On Thursday 12 May 2016, the Immigration Bill received Royal Assent and will now be known as the Immigration Act 2016.
The Immigration Act will:
- introduce new sanctions on illegal workers and rogue employers;
- provide better co-ordination of regulators than enforce workers’ rights;
- prevent illegal migrants accessing services such as housing, driving licences and bank accounts;
- and introduce new measures to enforce immigration laws easier and to remove illegal migrants.
This new Immigration Act has been designed to further strengthen the UK immigration system, and to make it even harder for illegal migrants to stay in the UK.
There will be a crackdown on the exploitation of low-skilled workers by making it an offence to employ illegal migrants and to increase powers to make it easier to remove people who have no right to be in the UK.
The 2016 Act includes a range of new powers to:
- tackle illegal employment, including creating a new offence of illegal working;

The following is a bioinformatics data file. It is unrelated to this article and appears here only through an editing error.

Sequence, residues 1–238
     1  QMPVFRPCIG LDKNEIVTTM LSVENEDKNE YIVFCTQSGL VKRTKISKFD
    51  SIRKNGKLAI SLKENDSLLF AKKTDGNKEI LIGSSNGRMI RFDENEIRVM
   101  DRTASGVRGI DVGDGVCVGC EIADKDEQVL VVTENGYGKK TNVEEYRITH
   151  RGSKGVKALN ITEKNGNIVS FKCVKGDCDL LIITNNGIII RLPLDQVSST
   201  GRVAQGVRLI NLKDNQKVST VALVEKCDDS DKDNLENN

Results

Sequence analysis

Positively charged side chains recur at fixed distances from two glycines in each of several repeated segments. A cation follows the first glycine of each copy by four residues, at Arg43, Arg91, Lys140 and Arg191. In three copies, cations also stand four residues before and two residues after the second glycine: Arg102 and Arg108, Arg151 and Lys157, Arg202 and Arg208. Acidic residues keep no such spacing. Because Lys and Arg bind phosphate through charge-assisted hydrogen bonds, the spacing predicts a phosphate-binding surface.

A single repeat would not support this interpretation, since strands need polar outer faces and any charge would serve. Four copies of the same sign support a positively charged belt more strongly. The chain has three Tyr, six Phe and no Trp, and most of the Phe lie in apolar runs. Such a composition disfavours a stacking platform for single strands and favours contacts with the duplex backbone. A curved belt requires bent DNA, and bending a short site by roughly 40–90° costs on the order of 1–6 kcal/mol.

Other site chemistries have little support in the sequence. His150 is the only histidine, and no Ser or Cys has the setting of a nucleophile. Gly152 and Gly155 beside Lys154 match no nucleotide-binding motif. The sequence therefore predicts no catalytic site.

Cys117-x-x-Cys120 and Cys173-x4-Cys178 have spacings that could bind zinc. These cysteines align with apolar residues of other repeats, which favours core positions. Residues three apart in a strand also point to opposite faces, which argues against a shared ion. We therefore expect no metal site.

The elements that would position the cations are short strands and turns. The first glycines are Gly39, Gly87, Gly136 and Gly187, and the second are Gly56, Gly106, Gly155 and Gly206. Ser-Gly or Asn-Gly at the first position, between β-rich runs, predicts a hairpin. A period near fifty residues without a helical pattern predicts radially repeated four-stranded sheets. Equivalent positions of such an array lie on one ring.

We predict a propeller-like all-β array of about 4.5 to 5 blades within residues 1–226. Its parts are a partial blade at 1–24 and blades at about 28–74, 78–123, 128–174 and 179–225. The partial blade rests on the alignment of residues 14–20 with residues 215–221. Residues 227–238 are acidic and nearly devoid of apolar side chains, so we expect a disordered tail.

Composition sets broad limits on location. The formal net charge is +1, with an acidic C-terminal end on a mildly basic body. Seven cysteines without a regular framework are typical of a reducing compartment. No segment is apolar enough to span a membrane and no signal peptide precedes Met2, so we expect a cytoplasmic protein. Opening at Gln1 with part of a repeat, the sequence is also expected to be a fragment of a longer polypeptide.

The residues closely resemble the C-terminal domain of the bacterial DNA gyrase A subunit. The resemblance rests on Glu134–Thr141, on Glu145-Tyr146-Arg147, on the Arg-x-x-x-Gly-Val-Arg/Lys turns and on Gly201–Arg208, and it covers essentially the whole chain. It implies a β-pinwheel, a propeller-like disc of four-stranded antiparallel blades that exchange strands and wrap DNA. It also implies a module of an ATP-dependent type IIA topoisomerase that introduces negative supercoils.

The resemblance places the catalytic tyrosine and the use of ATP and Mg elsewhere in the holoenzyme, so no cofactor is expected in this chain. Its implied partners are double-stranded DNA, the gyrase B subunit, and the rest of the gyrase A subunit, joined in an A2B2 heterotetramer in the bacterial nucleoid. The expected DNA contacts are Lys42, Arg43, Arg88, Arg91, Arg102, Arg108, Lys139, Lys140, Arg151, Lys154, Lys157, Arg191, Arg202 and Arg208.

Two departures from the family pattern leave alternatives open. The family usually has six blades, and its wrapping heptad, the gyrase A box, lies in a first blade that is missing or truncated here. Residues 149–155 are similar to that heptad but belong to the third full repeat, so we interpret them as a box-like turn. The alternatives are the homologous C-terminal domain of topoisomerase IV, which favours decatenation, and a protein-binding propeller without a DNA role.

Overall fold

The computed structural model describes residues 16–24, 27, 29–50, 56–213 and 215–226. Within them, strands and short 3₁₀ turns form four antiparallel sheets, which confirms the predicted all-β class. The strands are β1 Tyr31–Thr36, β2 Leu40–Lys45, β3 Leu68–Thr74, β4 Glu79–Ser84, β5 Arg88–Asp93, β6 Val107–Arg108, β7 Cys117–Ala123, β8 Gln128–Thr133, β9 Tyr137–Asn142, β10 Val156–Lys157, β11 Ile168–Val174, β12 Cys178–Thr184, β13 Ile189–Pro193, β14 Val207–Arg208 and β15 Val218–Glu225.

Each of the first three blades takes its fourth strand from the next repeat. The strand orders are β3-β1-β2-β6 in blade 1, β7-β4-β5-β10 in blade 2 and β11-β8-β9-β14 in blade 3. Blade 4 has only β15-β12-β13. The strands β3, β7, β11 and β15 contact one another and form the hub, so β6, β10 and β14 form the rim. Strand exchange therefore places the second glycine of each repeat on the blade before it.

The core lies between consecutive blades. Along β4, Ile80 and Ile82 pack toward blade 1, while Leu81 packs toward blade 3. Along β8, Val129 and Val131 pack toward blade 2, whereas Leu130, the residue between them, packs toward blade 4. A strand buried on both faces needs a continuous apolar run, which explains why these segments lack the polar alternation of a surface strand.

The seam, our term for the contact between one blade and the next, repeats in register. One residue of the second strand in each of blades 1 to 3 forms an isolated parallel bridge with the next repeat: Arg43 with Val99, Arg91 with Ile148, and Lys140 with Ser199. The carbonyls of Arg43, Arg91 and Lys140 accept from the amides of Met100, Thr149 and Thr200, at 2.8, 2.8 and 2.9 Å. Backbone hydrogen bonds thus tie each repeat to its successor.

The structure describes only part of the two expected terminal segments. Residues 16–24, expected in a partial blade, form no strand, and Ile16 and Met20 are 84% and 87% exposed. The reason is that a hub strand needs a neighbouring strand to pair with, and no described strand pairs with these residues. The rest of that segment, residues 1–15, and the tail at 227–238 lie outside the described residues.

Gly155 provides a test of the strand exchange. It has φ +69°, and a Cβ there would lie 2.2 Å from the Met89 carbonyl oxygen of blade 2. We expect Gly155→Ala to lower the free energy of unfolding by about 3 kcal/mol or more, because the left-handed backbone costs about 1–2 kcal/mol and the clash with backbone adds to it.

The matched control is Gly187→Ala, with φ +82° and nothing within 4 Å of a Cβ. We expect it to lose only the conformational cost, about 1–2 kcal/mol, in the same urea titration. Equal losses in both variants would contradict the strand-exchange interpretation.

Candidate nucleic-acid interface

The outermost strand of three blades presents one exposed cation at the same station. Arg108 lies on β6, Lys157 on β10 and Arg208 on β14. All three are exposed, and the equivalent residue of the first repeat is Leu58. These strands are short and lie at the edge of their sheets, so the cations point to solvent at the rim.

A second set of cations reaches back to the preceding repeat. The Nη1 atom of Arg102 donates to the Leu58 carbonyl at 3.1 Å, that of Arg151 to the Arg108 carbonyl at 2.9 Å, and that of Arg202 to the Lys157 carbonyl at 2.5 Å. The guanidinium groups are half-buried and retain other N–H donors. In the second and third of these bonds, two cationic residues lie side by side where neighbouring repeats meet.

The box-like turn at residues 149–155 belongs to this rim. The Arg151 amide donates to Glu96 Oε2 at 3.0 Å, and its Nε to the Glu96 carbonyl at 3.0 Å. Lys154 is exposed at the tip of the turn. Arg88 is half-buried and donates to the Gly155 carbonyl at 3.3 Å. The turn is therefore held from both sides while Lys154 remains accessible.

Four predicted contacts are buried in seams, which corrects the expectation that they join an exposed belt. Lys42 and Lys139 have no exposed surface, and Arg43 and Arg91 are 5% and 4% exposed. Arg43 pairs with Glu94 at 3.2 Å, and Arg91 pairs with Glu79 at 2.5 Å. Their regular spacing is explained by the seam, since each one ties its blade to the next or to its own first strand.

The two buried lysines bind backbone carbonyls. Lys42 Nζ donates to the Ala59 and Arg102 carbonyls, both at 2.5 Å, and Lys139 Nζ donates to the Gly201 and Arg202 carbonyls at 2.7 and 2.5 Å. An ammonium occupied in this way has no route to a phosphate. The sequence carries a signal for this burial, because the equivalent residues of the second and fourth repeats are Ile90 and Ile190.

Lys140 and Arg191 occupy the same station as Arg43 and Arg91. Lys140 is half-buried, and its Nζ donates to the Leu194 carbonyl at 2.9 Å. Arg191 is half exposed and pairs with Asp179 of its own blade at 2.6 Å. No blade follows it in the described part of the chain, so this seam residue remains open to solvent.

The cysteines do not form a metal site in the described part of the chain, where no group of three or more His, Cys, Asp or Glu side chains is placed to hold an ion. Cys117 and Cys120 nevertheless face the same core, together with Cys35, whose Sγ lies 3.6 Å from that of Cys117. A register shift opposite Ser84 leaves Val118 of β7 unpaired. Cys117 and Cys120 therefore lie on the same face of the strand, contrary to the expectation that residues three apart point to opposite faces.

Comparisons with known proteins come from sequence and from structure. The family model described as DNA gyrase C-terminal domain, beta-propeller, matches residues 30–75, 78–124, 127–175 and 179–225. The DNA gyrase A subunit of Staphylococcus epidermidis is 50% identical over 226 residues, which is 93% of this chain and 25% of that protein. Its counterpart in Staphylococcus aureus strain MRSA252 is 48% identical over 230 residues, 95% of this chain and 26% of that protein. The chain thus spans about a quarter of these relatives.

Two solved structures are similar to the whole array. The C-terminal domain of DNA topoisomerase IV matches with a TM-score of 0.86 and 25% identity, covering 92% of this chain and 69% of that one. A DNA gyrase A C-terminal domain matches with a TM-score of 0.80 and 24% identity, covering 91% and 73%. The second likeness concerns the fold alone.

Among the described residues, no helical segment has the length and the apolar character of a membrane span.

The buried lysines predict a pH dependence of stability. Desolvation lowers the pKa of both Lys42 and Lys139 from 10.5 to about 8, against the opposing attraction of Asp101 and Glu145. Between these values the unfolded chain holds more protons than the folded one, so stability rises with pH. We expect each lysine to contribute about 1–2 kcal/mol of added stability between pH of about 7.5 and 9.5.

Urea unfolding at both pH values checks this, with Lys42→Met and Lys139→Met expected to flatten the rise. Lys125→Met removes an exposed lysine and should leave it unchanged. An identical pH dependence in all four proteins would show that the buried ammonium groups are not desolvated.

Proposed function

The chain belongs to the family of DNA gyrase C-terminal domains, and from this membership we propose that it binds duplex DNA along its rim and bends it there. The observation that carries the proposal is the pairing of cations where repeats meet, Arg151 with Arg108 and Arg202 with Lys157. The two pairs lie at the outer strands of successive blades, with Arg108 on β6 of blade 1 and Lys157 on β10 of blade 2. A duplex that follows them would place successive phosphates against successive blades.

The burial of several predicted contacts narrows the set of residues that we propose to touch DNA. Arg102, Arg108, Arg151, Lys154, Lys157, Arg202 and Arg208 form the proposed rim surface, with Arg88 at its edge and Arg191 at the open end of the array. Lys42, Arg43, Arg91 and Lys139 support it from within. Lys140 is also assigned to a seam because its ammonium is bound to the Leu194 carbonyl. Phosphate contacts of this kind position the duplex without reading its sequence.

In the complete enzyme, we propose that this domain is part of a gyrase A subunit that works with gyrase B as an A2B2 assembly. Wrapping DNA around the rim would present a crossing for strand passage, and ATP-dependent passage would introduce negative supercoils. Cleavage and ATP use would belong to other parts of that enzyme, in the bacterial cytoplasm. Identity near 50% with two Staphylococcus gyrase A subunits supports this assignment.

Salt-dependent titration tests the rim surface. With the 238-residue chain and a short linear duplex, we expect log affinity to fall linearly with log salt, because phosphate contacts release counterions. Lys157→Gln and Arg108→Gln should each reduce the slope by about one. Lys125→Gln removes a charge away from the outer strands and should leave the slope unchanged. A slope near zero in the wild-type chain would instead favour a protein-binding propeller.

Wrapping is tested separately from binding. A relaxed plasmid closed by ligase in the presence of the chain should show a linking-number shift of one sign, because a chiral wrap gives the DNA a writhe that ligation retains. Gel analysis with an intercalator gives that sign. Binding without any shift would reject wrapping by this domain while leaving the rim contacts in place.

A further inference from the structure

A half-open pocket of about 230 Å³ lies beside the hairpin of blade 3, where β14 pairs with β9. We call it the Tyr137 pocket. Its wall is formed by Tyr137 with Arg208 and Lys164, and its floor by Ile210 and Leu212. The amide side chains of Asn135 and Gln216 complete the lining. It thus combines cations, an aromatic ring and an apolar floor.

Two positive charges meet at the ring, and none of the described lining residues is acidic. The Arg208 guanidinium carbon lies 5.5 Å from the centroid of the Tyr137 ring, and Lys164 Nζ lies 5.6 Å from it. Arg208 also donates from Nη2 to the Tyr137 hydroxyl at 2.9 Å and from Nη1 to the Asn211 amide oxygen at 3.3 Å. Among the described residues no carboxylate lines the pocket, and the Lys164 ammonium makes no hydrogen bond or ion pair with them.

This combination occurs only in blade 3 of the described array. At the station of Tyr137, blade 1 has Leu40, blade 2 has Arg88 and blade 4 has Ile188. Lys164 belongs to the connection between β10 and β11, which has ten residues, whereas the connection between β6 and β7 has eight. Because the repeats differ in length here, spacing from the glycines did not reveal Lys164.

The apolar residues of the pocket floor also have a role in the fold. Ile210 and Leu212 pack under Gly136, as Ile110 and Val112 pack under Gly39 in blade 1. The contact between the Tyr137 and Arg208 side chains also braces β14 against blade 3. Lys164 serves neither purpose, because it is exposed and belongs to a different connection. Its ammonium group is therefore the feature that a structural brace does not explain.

- prosecute rogue landlords and agents who repeatedly fail to carry out right to rent checks or fail to take steps to remove illegal migrants from their property;
- immigration enforcement officers will have new powers to search individuals and properties and seize identity documents if they suspect someone to be in the UK illegally;
- electronically tag foreign national offenders who are on immigration bail;
- restrict the support given to people whose claims for asylum have been rejected;
- resettle unaccompanied children impacted by the ongoing migration crisis;
- ensure all public employees in customer-facing roles speak good English;
- impose a new skills levy on businesses bringing migrant labour into the country so the UK can reduce reliance on imported labour, and boost the skills of young people in the UK.
The government has also committed to place new limitations on the detention of pregnant women and will introduce regular bail hearings to ensure those entering detention stay there for the shortest period possible.
If you would like further information on how the Immigration Act 2016 may impact you, please do not hesitate to contact us for your free 15 minute Consultation. We can be contacted via our website form, email: firstname.lastname@example.org, telephone: 0141 283 0190/020 7112 8528. Our specialist advisers are waiting to assist you.